He voted to restore funding to modernize the judicial system’s electronic data system and against efforts to scrap the new, more efficient circuit courts.
He calls the state women’s prison a disgrace and favors replacing both it and the antiquated men’s prison in Concord. Most of all, Boutin should be sent back to the Senate because he is an affable legislator who serves as a bridge between the parties. He is force for a return to a more civil era when rivals could passionately oppose each other in debate and then go out for a beer together.
In District 17, which includes Allenstown, Chichester, Epsom, Loudon, Pembroke, Pittsfield, Deerfield, Northwood and a handful of other communities, our vote goes to Democrat Nancy Fraher over Republican John Reagan.
Reagan, who currently serves in the House, is a fiscal conservative with some profoundly mistaken ideas about the cost of higher education and the urgent need to restore the state’s mental health care system.
Fraher is a Chichester resident who spent 35 years as a middle school-teacher in Candia. She wants to find a better way to fund higher education and lower its cost because top students can now, because of better financial aid offers, attend private colleges in other states more cheaply than UNH. She fears what that could mean for the state’s economy. Fraher’s long career in education has allowed her see the struggles New Hampshire families go through. She is pragmatic about what government can do to help them.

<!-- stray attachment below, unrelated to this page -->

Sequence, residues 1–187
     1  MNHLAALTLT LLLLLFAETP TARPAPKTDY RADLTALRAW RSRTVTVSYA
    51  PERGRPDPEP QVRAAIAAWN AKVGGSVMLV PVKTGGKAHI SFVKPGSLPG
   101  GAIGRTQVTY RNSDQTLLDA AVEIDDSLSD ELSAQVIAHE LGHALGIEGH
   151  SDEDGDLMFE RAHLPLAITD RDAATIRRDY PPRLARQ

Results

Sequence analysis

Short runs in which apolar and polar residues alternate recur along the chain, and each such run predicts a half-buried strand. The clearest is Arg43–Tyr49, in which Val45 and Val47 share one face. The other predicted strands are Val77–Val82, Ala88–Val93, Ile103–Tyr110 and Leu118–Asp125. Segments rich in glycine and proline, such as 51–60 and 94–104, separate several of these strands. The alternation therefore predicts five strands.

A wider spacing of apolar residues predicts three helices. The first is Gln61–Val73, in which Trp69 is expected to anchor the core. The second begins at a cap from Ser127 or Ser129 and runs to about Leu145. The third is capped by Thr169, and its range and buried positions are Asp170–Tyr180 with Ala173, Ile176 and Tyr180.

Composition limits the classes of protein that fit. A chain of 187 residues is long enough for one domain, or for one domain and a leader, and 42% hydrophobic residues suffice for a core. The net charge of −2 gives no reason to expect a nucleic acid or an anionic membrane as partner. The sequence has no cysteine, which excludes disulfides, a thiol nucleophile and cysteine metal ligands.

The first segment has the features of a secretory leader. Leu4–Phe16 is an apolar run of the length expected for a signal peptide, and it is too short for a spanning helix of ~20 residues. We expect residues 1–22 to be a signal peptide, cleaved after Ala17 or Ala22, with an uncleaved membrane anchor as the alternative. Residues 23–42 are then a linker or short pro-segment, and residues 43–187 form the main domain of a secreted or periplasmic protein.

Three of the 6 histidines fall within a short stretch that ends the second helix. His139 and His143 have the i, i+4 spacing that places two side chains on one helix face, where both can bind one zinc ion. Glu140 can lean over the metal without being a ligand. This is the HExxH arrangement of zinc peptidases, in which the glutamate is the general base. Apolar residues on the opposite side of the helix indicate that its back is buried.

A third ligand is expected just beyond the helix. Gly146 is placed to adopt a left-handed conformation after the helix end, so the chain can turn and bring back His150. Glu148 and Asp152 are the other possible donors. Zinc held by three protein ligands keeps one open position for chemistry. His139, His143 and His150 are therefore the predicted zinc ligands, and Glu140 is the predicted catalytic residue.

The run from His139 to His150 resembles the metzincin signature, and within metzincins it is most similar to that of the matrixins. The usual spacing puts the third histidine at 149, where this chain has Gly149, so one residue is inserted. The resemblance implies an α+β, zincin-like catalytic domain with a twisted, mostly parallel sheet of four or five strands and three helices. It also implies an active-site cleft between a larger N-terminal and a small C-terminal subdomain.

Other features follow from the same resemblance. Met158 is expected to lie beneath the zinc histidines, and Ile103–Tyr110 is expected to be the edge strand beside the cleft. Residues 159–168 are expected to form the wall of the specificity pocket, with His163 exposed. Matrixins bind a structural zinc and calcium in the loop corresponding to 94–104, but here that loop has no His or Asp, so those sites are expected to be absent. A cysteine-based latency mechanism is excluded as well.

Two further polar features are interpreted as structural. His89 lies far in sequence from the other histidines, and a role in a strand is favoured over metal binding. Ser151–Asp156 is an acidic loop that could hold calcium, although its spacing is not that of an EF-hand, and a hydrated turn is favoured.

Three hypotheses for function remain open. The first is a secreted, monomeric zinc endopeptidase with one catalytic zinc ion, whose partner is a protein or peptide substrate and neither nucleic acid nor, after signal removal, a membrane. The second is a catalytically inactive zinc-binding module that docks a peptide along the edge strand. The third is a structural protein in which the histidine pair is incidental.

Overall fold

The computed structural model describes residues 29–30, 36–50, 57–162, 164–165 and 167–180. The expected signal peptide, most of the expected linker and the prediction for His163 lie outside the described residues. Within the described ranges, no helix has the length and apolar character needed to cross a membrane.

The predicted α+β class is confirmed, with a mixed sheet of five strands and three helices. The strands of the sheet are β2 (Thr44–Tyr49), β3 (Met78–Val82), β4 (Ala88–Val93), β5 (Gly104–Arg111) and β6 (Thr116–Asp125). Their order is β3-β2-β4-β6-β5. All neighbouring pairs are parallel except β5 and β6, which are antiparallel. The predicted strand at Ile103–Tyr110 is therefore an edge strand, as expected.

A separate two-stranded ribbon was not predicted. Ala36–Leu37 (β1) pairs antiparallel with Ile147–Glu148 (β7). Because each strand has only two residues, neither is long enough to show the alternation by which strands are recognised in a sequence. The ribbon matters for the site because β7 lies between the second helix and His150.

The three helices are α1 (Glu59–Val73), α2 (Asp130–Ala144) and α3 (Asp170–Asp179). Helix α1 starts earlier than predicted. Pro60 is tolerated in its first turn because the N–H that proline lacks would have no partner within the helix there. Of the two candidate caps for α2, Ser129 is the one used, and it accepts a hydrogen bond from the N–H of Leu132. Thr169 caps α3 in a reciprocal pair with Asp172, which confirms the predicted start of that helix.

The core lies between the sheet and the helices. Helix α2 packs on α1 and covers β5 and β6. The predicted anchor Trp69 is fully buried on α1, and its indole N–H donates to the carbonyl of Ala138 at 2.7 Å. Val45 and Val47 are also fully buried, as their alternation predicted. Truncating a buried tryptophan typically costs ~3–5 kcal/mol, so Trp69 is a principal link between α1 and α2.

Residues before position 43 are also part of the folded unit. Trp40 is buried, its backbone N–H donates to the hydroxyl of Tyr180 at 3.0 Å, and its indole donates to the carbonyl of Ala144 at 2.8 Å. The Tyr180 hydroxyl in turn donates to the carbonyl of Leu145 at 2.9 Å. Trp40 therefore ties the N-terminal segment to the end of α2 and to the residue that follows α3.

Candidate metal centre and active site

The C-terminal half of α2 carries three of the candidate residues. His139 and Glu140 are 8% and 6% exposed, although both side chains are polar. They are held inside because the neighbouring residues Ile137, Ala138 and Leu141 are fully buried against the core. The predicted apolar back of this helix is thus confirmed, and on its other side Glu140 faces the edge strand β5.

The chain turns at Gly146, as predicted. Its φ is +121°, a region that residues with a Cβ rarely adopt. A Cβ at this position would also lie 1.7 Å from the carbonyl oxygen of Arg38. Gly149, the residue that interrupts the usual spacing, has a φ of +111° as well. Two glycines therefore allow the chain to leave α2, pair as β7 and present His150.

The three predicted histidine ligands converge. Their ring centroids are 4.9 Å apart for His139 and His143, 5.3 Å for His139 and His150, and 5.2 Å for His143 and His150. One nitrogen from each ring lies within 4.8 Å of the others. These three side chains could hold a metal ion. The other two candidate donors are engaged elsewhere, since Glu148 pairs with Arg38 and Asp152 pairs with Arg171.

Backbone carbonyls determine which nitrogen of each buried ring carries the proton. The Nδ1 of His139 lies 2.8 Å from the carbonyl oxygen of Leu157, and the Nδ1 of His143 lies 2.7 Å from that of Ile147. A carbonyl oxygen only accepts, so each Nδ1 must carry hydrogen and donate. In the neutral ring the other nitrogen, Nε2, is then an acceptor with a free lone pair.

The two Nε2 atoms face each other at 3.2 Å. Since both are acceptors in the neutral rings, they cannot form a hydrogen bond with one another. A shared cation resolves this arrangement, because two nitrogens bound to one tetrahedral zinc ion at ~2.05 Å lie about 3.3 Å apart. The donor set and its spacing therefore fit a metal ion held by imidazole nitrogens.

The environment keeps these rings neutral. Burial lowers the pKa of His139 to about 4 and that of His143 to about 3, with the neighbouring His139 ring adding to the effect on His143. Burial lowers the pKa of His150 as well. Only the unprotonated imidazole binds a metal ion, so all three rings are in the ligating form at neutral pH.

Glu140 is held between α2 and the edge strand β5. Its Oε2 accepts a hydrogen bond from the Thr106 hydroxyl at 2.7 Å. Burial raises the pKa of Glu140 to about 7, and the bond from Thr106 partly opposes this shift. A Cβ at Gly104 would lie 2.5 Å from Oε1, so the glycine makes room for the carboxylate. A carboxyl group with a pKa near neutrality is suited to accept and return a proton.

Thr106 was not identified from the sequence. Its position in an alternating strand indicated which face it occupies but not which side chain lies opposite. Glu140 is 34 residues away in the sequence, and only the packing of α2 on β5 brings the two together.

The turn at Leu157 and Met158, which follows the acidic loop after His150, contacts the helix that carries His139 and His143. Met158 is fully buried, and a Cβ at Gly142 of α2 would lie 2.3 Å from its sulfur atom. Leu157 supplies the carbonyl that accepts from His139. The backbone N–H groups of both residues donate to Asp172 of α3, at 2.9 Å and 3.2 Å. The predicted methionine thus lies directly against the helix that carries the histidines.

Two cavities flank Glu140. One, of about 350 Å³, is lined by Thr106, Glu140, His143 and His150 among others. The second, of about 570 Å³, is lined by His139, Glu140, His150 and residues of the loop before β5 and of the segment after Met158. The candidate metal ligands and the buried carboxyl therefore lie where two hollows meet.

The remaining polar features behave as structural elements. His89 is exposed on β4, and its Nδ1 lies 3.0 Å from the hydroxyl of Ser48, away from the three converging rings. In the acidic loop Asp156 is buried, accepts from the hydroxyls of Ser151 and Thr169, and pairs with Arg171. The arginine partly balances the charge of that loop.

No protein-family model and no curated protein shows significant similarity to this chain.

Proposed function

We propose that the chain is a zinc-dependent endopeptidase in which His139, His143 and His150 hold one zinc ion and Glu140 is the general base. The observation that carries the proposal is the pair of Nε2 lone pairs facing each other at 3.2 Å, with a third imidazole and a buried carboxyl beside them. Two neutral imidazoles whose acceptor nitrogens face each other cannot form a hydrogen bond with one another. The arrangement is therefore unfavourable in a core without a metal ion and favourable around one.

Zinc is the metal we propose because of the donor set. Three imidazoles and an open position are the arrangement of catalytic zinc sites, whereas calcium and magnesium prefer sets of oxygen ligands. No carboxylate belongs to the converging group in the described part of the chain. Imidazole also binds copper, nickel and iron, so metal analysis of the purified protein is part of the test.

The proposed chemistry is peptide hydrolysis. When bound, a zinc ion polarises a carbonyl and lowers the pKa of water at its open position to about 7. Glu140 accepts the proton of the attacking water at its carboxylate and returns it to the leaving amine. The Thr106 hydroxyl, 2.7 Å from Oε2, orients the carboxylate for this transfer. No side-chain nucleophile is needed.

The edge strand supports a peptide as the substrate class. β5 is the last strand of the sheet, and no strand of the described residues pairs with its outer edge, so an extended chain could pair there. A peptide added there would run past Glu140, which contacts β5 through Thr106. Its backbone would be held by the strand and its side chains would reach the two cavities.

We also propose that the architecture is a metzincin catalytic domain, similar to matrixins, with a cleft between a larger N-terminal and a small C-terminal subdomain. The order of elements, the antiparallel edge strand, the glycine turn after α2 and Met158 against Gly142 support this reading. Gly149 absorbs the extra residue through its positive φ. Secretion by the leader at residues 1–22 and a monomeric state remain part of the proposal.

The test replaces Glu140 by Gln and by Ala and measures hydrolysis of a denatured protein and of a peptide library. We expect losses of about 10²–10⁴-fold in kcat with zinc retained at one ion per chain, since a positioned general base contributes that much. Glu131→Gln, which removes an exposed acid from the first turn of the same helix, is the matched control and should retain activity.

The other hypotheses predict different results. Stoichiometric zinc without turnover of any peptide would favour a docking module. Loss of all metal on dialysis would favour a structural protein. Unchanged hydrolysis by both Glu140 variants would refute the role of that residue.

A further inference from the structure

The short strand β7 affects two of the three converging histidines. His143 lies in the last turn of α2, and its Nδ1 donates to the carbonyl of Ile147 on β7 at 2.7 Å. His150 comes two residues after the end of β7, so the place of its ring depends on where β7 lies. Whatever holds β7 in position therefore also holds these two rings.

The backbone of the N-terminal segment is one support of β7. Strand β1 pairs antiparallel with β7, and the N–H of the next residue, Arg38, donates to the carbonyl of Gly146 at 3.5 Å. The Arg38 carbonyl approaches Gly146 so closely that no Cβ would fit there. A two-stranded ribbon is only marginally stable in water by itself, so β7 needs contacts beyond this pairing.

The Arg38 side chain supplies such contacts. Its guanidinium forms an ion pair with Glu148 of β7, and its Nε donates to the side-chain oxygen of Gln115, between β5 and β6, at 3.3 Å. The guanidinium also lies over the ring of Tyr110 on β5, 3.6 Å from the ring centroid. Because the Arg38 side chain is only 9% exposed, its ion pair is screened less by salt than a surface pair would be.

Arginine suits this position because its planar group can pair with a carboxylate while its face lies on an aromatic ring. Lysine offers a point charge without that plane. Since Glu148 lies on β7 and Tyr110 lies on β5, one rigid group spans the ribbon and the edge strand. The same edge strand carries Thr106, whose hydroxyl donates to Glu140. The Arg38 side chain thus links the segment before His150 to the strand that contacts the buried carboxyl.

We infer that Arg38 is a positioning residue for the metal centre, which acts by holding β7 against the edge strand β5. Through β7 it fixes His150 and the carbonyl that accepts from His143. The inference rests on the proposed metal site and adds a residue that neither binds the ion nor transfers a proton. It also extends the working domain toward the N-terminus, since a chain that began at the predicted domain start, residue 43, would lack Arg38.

Voters should send her to Concord.
Finally, in Senate District 2 – an enormous district which includes the local communities of Wilmot, Danbury, Hill, Bristol, Tilton, Sanbornton, New Hampton, Meredith and Center Harbor – our vote goes to challenger Robert Lamb, a Democrat, over incumbent Republican Jeanie Forrester.
We make that decision despite Forrester’s laudable record of constituent service and endearing personality. It’s simply that her voting record is so bad and her opponent, a former chief financial officer for one of the nation’s biggest banks, would be such a strong addition to the Senate.
Though the legislation Forrester sponsored was reasonable, she sided with her party on almost every controversial vote to take New Hampshire in the wrong direction. Among them was the wage-killing right-to-work bill and the change that directs taxpayer money away from the state coffers and to religious schools.
Lamb, of Holderness, is a West Point graduate and veteran of six years in the Army. He went on to get an MBA and hold jobs in business and banking. Lamb wants to restore the cuts to education funding and believes out-of-state groups came to have too much influence on legislative decisions. As a businessman, he sees the need to invest in the state’s infrastructure and programs to train workers to fill the highly-skilled jobs on which the future of the economy depends. Lamb is an independent thinker who, as a banker, knows how to assess risk and invest taxpayer money in ways likely to bring them the biggest return. He belongs in the Senate.